# A localized mapped damage model for orthotropic materials

Abstract: This paper presents an implicit orthotropic model based on the Continuum Damage Mechanics isotropic models. A mapping relationship is established between the behaviour of the anisotropic material and that of an isotropic one. The proposed model is used to simulate the failure loci of common orthotropic materials, such as masonry, fibre-reinforced composites and wood. The damage model is combined with a crack-tracking technique to reproduce the propagation of localized cracks in the discrete FE problem. The proposed numerical model is used to simulate the mixed mode fracture in masonry members with different orientations of the brick layers.

## Summary (4 min read)

### 1. Introduction

- The mechanical behaviour of anisotropic materials involves properties that vary from point to point, due to composite or heterogeneous nature, type and arrangement of constituents, presence of different phases or material defects.
- The introduction of local or global crack-tracking techniques into the framework of standard finite elements and constitutive models [25,26] has revealed to be a satisfactory solution to some of the major drawbacks of the classical Smeared Crack Approach (SCA) [27].
- These features of the method allow the analyst to avoid the aforementioned problems usually found in classical SCA, without increasing - 4 - excessively the implementation effort or the computational cost.
- The model is able to predict the failure load and the cracking path in orthotropic materials subject to complex stress states.

### 2. Mapped Damage Model

- The orthotropic mapping of CDM constitutive laws has been presented in References [1,24,25].
- The basics of the method are recovered and its thermodynamic consistency is demonstrated.
- The flexibility of the procedure for the application to generic orthotropic materials is stressed.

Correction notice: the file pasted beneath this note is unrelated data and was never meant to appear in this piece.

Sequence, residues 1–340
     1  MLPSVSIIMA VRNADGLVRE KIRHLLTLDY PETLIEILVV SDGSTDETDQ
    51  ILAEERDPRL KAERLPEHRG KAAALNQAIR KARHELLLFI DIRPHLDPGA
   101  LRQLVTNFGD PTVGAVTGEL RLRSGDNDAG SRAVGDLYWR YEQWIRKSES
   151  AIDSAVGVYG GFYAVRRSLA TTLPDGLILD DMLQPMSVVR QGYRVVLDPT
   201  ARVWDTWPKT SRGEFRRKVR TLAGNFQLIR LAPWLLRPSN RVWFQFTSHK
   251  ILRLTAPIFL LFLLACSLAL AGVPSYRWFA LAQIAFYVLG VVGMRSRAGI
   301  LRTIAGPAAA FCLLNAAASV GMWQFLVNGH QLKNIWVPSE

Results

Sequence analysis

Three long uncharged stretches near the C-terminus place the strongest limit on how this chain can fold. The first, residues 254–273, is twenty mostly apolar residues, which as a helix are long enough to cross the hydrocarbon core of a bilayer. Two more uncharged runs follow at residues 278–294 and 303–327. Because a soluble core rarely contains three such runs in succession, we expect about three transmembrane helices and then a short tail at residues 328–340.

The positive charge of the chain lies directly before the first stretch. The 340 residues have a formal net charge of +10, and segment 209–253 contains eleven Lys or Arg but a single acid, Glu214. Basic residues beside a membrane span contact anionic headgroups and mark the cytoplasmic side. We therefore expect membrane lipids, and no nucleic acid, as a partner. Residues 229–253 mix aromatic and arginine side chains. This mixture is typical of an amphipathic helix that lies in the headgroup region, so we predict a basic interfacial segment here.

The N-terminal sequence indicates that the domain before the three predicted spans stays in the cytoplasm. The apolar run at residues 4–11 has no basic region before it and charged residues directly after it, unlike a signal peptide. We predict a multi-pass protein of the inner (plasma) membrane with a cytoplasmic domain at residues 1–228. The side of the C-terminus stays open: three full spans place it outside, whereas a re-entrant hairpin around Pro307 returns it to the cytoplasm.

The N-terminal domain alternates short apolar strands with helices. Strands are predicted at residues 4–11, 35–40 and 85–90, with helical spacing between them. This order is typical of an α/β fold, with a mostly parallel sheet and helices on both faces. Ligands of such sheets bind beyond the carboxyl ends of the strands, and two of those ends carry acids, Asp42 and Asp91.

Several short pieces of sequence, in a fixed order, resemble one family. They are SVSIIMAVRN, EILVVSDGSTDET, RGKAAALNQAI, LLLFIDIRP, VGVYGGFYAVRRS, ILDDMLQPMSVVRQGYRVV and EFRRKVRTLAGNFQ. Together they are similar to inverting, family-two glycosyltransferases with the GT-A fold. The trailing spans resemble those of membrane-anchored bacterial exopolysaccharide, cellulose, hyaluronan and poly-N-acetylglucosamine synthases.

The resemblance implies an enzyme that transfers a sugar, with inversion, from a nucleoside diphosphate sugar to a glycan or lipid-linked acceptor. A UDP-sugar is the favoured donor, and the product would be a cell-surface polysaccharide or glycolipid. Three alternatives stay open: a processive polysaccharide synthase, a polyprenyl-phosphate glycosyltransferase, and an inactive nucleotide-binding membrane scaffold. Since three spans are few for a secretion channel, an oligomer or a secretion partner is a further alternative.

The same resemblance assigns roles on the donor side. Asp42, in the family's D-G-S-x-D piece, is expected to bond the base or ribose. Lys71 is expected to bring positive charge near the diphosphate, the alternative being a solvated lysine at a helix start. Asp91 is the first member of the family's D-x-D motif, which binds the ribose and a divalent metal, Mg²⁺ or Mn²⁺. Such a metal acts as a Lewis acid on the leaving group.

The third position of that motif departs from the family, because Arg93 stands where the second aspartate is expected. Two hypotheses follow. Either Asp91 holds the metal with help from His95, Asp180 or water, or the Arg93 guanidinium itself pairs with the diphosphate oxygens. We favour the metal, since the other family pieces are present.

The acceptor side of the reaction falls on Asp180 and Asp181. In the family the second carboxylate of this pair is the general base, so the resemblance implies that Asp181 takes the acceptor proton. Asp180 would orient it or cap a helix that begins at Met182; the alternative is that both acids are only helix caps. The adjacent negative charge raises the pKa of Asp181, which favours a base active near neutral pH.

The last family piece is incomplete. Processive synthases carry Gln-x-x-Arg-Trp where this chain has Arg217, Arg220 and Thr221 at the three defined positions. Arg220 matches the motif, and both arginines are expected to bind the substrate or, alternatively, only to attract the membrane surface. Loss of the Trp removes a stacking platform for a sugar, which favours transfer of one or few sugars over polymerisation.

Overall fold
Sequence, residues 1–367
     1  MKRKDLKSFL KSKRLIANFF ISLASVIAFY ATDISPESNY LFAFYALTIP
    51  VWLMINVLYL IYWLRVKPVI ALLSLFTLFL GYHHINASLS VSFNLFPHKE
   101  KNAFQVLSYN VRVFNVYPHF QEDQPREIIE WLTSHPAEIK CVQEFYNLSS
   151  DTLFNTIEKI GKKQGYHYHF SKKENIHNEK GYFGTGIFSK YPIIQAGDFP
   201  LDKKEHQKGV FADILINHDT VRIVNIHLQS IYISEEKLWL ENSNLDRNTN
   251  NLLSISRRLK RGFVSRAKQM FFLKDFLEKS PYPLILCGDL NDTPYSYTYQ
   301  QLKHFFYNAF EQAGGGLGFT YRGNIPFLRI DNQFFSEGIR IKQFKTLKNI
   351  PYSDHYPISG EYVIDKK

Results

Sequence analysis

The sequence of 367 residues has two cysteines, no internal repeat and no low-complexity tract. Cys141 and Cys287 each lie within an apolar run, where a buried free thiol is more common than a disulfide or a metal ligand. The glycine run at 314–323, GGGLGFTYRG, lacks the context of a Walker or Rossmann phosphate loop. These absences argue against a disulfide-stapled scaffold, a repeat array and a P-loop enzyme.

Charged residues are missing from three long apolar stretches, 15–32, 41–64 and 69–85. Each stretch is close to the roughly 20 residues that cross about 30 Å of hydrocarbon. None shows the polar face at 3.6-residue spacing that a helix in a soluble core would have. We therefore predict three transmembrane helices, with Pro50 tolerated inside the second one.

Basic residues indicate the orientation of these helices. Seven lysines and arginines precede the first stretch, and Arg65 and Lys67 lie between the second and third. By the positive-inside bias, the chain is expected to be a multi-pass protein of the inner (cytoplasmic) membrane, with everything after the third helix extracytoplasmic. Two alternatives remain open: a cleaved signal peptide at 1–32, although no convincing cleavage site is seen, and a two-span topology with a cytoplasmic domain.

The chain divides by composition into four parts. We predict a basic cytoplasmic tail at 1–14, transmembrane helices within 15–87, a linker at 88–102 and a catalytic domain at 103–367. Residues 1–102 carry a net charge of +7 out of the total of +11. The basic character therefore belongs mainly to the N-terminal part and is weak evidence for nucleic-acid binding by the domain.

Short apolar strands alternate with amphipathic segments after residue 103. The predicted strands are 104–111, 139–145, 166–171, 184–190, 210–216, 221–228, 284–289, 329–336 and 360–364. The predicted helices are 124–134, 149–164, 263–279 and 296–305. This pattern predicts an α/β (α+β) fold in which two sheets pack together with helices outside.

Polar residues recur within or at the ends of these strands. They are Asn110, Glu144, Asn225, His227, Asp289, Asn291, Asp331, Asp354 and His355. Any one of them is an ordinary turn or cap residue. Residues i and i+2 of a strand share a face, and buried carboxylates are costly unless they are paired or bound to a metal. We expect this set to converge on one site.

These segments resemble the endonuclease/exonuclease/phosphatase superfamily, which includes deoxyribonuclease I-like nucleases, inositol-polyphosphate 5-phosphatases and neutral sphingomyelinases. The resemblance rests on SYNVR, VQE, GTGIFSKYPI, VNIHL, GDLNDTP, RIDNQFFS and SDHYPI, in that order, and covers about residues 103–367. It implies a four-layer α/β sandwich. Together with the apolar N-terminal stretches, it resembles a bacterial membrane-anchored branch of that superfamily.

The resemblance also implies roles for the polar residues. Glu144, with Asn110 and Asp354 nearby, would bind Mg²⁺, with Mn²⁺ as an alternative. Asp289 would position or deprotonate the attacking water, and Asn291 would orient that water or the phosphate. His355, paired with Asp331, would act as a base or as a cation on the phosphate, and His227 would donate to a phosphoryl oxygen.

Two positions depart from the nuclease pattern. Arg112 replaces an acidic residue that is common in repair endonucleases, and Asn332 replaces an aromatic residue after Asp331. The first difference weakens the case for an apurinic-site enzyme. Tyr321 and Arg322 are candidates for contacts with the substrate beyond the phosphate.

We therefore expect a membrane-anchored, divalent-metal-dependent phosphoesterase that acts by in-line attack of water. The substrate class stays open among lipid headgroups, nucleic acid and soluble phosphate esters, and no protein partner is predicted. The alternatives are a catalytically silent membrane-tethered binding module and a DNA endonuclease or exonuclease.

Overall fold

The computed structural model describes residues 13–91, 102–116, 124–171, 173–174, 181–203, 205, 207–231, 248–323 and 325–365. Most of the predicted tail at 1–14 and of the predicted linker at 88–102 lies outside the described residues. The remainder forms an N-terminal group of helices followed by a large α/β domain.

### 2.1 Definition of the Space Transformation Tensors

- The method is based on assuming that the real anisotropic space of stresses σ and the conjugate space of strains ε have their respective image in two mapped isotropic spaces of stresses *σ and strains *ε , respectively .
- It is important to note that the procedure may be extended to the 3-dimensional case, at the cost of providing the necessary additional strength parameters.
- In order to circumvent this limitation, a more refined form of the stress transformation tensor was proposed by Oller et al. [23], making use of a “shape adjustment tensor”, whose purpose is to adjust correctly the isotropic criterion to the desired orthotropic one.
- It is worth noting that the isotropic solid properties, i.e. *f and elastic constants in tensor *C , can be selected arbitrarily, since they disappear at the end of the mapping procedure to the isotropic space and back to the real one.

### 2.2 Underlying Damage Model

- The isotropic CDM constitutive model considered in the mapped space considers one scalar internal variable to monitor the local damage [38,39,40,41].
- The variable r is an internal stress-like variable representing the current damage threshold, as its value controls the size of the expanding damage surface.
- The constitutive equation for the real orthotropic material is obtained by writing the dissipation occurring in an isothermic elasto-damageable process in the real anisotropic space.
- The dissipation expression is obtained taking into account the first and second principles of thermodynamics.
- All the variables in (9) are amenable to the classical thermodynamic representation [43], i.e. the free variable ε , the internal variable r and the dependent variable d(r).

### 2.3 Evolution of the Damage Variable and Inelastic Behaviour

- The evolution of the damage index that has been adopted in this work is given by the exponential softening law reported in Ref. [24].
- Two different elemental softening parameters can be specified along the material axes, to reproduce totally different fracture energies along the material directions and provide a full orthotropic softening behaviour.
- Figure 3b shows the capability of the model to represent the softening orthotropy under uniaxial tension along x- and y-global directions.
- The properties in the real space, referred to the material axes 1 and 2, are the same considered before.
- In the first case, the material strength in the y-direction degrades at a faster rate than the material strength in the x-direction.

### 3. Local Crack-Tracking Technique for Damage Localization in

- The local crack-tracking technique proposed in [26] was successfully applied to 2D three-noded standard elements with the aim of simulating the propagation of localized cracks in isotropic quasi-brittle materials.
- The method is again based on a flag system that labels the finite elements pertaining to the crack path which may experience damage.